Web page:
Brief bio sketch

Lloyd Haft (1946- ) was born in Sheboygan, Wisconsin USA and lived as a boy in Wisconsin, Louisiana and Kansas. In 1968 he graduated from Harvard College and went to Leiden, The Netherlands for graduate study in Chinese (M. A. 1973, Ph. D. 1981). From 1973 to 2004 he taught Chinese language and literature, mostly poetry, at Leiden. His sinological publications include Pien Chih-lin: A Study in Modern Chinese Poetry (1983/2011; published in Chinese translation as 发现卞之琳: 一位西方学者的探索之旅 in 2010) and Zhou Mengdie’s Poetry of Consciousness (2006). His most recent book, a liberal modern Dutch reading of Laozi's Daode jing, was published as Lau-tze's vele wegen by Synthese in September 2017.



He has translated extensively into English from the Dutch of Herman Gorter and Willem Hussem, and from the Chinese of various poets including Lo Fu, Yang Lingye, Bian Zhilin and Zhou Mengdie.



Since the 1980s he has also been active as a poet writing in Dutch and English. He was awarded the Jan Campert Prize for his 1993 bilingual volume Atlantis and the Ida Gerhardt Prize for his 2003 Dutch free-verse readings of the Psalms (republished by Uitgeverij Vesuvius in 2011). His newer poems are published (some republished) on this blog.



After early retirement in 2004, for a number of years Lloyd Haft spent much of his time in Taiwan with his wife Katie Su. In addition to writing and translating, his interests include Song-dynasty philosophy and taiji quan. He sings in the choir of a Roman Catholic church of the Eastern Rite in The Hague.



Tuesday, May 17, 2011

Live Bird Verses 1 (poems from Where Is the Body...)

(1)   No Bird Known

End of day. Across the hundred yards
I still can see, there is a single bird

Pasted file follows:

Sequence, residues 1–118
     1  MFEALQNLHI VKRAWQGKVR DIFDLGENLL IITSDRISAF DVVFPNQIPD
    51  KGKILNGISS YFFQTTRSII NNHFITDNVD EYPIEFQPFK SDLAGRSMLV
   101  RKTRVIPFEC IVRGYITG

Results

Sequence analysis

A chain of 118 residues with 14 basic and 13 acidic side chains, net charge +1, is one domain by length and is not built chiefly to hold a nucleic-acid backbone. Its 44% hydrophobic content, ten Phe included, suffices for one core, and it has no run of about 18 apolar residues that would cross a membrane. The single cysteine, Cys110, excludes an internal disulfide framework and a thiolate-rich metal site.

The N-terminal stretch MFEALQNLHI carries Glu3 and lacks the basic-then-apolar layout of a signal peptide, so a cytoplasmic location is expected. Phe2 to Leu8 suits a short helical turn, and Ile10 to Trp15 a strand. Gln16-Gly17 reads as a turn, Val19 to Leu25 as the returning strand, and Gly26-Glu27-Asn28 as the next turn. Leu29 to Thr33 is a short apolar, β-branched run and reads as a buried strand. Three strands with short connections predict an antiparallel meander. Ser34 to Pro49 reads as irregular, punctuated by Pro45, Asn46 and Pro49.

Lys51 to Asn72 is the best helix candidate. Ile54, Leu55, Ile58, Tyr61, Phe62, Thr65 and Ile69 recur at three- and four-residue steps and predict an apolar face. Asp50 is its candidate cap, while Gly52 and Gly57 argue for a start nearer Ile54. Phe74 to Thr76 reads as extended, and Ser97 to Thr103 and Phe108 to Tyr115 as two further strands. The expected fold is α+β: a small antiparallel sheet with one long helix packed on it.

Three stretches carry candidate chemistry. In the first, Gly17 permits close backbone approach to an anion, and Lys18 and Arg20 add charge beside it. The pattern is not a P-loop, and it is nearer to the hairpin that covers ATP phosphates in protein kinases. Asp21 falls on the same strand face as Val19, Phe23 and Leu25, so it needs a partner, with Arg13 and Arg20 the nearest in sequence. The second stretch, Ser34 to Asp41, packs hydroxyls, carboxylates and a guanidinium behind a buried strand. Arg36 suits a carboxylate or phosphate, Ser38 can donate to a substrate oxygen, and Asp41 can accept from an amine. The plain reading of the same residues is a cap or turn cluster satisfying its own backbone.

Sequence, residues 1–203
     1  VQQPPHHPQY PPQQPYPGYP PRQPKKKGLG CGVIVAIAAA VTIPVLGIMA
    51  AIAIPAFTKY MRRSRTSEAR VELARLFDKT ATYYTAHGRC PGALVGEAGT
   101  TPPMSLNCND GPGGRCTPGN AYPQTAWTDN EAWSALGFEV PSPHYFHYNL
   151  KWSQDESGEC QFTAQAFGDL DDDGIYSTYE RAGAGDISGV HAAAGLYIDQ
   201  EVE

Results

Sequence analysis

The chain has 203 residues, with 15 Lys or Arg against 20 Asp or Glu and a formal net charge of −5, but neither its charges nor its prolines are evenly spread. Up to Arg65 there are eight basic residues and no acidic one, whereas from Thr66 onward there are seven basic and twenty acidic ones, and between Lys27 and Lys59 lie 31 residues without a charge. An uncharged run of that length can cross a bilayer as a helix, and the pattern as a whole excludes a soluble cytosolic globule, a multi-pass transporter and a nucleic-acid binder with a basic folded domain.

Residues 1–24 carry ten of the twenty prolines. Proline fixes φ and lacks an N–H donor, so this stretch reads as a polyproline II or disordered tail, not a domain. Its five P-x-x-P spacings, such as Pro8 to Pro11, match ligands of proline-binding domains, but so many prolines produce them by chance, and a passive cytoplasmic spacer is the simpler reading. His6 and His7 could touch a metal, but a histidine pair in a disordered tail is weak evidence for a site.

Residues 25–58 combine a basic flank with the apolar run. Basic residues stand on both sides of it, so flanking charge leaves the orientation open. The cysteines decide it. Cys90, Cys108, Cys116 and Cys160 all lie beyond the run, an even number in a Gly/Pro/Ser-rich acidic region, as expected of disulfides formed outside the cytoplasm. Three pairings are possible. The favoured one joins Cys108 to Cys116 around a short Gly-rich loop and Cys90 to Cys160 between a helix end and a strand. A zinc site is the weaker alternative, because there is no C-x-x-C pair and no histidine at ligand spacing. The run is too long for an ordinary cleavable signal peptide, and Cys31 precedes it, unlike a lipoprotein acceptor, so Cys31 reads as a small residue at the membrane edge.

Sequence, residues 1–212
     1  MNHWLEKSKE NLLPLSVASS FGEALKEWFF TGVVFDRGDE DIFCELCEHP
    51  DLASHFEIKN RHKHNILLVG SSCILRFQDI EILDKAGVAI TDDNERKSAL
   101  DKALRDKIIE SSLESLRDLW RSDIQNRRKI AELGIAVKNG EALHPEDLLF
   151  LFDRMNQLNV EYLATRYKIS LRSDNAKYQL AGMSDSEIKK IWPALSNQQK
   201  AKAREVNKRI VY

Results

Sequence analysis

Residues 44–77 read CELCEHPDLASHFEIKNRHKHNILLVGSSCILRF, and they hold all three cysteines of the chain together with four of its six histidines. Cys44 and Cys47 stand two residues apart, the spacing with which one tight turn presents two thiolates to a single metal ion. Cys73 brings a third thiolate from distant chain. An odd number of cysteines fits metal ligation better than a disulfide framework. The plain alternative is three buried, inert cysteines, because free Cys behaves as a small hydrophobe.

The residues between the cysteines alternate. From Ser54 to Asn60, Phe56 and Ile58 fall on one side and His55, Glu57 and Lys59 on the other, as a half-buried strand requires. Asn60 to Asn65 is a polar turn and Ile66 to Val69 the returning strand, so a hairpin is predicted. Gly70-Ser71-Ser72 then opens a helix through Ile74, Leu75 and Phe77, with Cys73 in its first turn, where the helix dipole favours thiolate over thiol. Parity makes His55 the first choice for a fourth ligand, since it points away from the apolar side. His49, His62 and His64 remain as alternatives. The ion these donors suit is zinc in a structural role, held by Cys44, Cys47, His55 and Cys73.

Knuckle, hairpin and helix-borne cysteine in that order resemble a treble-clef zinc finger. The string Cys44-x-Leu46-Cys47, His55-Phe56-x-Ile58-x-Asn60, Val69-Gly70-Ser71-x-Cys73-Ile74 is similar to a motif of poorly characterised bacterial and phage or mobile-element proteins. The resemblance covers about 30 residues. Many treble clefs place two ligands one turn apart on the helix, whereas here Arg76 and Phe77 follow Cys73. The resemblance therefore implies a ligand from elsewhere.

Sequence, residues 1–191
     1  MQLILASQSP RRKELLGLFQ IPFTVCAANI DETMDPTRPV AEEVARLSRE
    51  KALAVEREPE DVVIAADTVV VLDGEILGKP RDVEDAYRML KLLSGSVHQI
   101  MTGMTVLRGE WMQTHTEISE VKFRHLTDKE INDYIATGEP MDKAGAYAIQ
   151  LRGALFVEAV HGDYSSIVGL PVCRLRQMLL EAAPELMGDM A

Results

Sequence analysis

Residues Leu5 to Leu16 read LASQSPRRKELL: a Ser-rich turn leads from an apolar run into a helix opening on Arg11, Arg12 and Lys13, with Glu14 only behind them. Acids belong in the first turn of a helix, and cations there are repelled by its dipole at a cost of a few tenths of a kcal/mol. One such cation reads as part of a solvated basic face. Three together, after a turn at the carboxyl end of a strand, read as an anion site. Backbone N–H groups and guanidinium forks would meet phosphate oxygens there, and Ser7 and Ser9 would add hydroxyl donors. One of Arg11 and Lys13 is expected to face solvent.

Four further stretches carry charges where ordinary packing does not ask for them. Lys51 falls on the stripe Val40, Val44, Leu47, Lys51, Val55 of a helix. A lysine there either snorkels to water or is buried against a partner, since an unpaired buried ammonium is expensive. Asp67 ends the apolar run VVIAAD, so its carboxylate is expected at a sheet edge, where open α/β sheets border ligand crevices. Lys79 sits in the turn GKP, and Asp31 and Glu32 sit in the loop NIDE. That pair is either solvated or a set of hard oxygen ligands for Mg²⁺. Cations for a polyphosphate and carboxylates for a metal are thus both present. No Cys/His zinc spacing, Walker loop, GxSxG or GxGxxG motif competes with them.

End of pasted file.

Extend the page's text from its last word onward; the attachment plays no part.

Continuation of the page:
appearing. Overliver of the herd,
sole survivor of those louds and hards

that own the earth, now scrying heavenwards?
Or is it – wing and dusk so closer blurred
at last they have no name, there is no word
for him among the darkened men and marreds –

a dove, his white no longer to be told
from crow-clothing, here now no better
than grain-grabber, canny late baptizer

come and among our done and beaten fold
not for to help but know – greediest getter,
through seer, no mere riser?


(2)   Bird Trying to Land

See how the place he tries to set his claw
and stand is never the ripe fruit-clotted
sodden under bough, but in the flaw,
barren branch and open, nothing-knotted,

twisted to the weight of nothing seen,
bent as if supporting from below
the heaviness of heaven, where the green
leaf, here for the falling, will not go.

His wings, bent as a branch but of no tree,
bearing the eyes that will be his only seed,
arch above him, brows of the widening see
that calls him back in its ever greatening need.

O, but the branch of after! How it stays
quivering, waiting, waking both the ways!

--Lloyd Haft (from Where Is the Body That Will Hold?, 1998)